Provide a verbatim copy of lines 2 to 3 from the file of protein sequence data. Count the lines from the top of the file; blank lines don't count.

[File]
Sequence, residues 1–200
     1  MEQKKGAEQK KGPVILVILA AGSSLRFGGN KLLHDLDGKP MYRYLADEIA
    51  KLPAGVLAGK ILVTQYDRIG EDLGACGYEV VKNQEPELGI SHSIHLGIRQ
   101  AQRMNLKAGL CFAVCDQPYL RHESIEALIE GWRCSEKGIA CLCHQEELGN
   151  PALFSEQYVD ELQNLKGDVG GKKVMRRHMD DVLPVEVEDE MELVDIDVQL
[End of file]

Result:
     1  MEQKKGAEQK KGPVILVILA AGSSLRFGGN KLLHDLDGKP MYRYLADEIA
    51  KLPAGVLAGK ILVTQYDRIG EDLGACGYEV VKNQEPELGI SHSIHLGIRQ